AZED CROSSWORD 2543
1. Dr S. J. Shaw: Skins of Argentine ruminant, processed with currying after being tanned initially (anag. of outer and first letters, & lit.).
2. R. C. Teuton: Chambers regularly finishes off the last light and may save my hide (alternate letters + e, t, t + (m)a(y)).
3. T. Rudd: Hide, e.g. in glove compartment, boiled treat (cab + anag.).
D. Appleton: Soft leather hats, one unfinished, one usually with a pompom missing one (ca(p) + b(i)retta).
D. & N. Aspland: What might be seen in soft shoe shuffle ‘cabaret’ including a bit of tap-dancing (t in anag.).
M. Barley: Arrange to rent a cab, saving on shoe-leather (anag. less on).
P. Bartlam: Soft leather initially creases and bends relatively easily then tears apart (first letters).
W. Drever: ‘R & B’, a term for music reflecting Ms. James’s beautifully smooth material (R, B a c (rev.) + Etta; ref. E. James).
Dr I. S. Fletcher: Material for upper chamber regularly irritated about amendment finally being overturned (alternate letters + t in ate (rev.)).
A. H. Harker: Formed with eyeholes, this soft leather could make a better lacey shoe (comp. anag.).
R. J. Heald: Penthouse article about bosom passing as material suitable for chaps (bre(as)t in cat a; pass = omit).
J. C. Leyland: When moving a tab, etc, right clicker’s essential? (anag. incl. r; ref. computing; clicker = leather cutter).
T. J. Moorey: Specially treated kid close to title withheld, better off in California, anonymous (anag. less e in CA a; ref. ‘Prince’ Archie).
A. Plumb: Leather chair seat has to be regularly recovered (anag. of alternate letters).
A. D. Scott: Tear coat carelessly – head for boutique to replace old sheepskin (anag. with b for o).
A. J. Shields: Liming initially is needed for this leather to become tractable (anag. less l, & lit.; see lime1).
K. Thomas: With no hot bath cater roughly for what chaps need (anag. less H; ref. chaparajos).
S. J. J. Tiffin: Luxurious cover drive in Perth by Lee (Australia) (ca Brett A; ref. former Australian cricketer).
J. R. Tozer: I’m like kid, investing energy in spoilt brat act (E in anag.).
A. J. Varney: Leather Paraguay exported, pretty US handbag’s covering (pretty less PY in caba).
Mrs A. M. Walden: A kind of leather thong primarily seen in risqué cabaret (t in anag.).
A. J. Wardrop: Tabards etc could be made from this, dead sheep initially being involved (comp. anag. incl. d, s, & lit.).
R. J. Whale: Leather bindings of august tome stuck up after dictionary suffers regular fall-out (alternate letters of Chambers + a, t, t, e (rev.)).
K. & J. Wolff: Retrimmed, twenties Bearcat could be sweet in this fine leather (comp. anag.; ref. early US sports car).
T. Anderson, T. C. Borland, A. Brash, Dr J. Burscough, P. Cargill, A. G. Chamberlain, E. Dawid, C. M. Edmunds, P. Evans, J. & H. Fowles, H. Freeman, E. Hall, S. Hicks, M. Hodgkin, T. Jacobs, D. C. Jones, M. Jordan, M. Lunan, A. MacDougall, K. MacKenzie, D. F. Manley, P. W. Marlow, P. McKenna, Rev Prebendary M. R. Metcalf, C. Ogilvie, M. Ollerenshaw, S. J. O’Boyle, J. Vincent & Ms R. Porter, M. Price, S. Randall, W. Ransome, N. G. Shippobotham, C. Short, P. L. Stone, Ms S. Wallace, A. Whittaker, G. H. Willett.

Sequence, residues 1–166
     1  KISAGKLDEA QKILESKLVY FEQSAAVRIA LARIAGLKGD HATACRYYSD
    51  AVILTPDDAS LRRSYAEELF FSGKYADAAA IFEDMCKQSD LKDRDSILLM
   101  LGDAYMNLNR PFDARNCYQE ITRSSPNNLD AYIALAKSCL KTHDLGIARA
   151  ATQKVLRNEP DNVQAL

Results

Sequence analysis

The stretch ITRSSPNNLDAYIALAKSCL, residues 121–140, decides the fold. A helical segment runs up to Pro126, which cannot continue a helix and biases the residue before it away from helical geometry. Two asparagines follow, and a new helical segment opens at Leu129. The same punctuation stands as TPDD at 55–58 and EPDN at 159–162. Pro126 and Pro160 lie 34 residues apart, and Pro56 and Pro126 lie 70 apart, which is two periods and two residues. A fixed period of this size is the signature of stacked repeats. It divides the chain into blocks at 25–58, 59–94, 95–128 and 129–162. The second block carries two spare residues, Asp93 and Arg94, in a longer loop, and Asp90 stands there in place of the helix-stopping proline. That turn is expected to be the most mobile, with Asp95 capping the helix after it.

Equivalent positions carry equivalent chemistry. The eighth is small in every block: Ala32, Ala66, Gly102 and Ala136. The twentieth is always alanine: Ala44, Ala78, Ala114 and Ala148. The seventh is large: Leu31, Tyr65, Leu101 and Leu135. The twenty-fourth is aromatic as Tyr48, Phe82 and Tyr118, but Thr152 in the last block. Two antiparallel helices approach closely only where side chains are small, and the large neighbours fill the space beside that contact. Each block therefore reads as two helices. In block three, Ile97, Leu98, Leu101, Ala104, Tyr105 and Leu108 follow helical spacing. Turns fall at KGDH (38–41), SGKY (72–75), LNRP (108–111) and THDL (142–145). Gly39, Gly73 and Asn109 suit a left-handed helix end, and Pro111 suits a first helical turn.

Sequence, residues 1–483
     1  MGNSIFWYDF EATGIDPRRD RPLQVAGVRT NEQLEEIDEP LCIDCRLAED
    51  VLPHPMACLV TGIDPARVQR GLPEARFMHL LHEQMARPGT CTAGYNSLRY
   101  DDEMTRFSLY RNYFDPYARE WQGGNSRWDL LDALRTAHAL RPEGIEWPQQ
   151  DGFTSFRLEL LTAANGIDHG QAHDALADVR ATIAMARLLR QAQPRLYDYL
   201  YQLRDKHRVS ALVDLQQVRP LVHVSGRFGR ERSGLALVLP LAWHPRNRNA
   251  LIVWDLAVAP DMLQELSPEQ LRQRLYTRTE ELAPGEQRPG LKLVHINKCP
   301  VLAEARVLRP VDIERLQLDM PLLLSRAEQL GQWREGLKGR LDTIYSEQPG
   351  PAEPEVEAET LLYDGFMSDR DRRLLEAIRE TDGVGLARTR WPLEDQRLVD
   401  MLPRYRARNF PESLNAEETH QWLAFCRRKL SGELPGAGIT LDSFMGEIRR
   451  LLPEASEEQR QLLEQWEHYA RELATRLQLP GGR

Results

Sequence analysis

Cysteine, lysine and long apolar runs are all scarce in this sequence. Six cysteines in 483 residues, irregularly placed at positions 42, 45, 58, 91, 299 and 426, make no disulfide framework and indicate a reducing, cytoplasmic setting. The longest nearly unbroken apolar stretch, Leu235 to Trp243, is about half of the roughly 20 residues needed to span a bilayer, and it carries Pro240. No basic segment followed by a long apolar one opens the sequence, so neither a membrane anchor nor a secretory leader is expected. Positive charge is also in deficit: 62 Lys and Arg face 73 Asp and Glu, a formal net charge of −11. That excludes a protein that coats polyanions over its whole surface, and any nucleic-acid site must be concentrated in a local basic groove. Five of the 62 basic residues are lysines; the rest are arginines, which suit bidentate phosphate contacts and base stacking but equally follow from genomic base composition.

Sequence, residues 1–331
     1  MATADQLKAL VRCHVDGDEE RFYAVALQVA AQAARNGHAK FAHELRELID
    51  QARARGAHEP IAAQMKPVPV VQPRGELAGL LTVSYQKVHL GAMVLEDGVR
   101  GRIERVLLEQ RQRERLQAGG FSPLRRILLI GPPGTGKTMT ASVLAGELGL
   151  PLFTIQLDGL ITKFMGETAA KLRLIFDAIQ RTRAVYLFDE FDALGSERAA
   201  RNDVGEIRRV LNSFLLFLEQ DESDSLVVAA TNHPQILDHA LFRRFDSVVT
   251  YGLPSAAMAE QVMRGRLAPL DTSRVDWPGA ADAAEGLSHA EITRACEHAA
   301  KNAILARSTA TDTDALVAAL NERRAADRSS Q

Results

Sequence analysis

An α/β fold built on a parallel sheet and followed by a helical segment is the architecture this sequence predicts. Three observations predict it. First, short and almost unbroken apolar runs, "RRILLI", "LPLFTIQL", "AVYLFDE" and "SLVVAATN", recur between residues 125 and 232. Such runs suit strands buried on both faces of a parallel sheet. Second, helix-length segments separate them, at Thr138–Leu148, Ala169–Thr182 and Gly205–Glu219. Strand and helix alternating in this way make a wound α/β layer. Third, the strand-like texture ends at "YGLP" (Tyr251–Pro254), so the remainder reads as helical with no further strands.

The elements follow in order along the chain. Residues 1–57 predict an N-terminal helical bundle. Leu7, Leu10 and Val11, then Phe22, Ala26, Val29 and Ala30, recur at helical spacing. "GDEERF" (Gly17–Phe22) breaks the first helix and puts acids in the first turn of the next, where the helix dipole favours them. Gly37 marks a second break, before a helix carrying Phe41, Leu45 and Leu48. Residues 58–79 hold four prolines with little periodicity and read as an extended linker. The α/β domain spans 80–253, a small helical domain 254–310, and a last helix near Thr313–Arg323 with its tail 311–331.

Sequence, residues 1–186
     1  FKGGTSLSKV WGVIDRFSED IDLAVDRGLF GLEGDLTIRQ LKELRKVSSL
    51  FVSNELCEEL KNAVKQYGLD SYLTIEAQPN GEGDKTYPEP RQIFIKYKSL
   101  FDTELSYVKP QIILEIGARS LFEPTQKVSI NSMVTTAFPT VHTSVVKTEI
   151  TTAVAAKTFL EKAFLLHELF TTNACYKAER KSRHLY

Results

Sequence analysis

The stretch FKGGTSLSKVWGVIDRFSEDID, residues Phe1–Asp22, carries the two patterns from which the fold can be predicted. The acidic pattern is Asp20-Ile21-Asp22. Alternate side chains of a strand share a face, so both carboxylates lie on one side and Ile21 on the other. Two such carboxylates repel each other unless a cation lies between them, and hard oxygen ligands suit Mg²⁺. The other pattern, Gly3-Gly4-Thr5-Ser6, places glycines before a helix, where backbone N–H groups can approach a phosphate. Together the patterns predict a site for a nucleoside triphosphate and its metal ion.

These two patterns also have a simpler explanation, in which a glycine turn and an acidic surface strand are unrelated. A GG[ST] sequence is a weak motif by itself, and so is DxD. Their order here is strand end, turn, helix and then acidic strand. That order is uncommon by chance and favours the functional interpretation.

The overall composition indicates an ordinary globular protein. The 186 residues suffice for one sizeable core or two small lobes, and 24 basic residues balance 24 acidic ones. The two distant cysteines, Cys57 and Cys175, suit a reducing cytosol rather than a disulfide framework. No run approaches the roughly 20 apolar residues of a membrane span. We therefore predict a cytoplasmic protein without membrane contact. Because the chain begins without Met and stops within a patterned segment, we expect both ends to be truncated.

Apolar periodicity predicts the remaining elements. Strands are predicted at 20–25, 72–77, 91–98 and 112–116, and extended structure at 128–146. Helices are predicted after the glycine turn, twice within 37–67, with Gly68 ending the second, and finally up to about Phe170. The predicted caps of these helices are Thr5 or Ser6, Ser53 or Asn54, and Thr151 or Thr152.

157 entries, no mistakes. In a competition puzzle that was perhaps just on the easier side of average, 12 clues received votes as your favourite in a largely two-horse race, the winner being ‘The most important thing, half of what’s due’ (NUMERO UNO) ahead of ‘Is Holding about the ultimate in fast bowlers maybe? (HATS). And yes, I do accept that a lower-case initial letter may be converted to upper case if the surface reading requires it, though the opposite process is not acceptable. On the subject of favourite clues, I rarely have the time or inclination to choose my own, but I admit to mild disappointment that my clue to USUAL received only one vote. I was quite pleased that the svelte Frau von der Leyen (astonishingly a mother of seven, I read) and Boris Johnson (not the best of friends, I imagine) helped me to deal with an uninspiring word. It just goes to show that one is not always (or even ever) one’s own best judge. One of my clues that puzzled some was ‘She memorably lacked footwear – scan toes wriggling’ for CONTESSA, referring to the Oscar-winning film The Barefoot Contessa (1954), directed by Joseph Mankiewicz and starring Ava Gardner and Humphrey Bogart, a big hit in its day.
A few of you exploited the name of Brett Anderson (new to me), one-time lead singer with the group Suede (a near-definition of ‘cabretta’), which looked promising but needed careful handling of the clue’s wording. Cluing a word like this, with its very specific definition, ideally called for wording that disguised its meaning somewhat, the sign of a more thoughtful clue-writer, as I hope those quoted above illustrate.
In response to queries I’m sorry to say that there is as yet no end in sight to the moratorium on the issuing of prizes. I suppose we should all just be grateful that the Observer continues to appear, along with other newspapers, during these uniquely stressful times.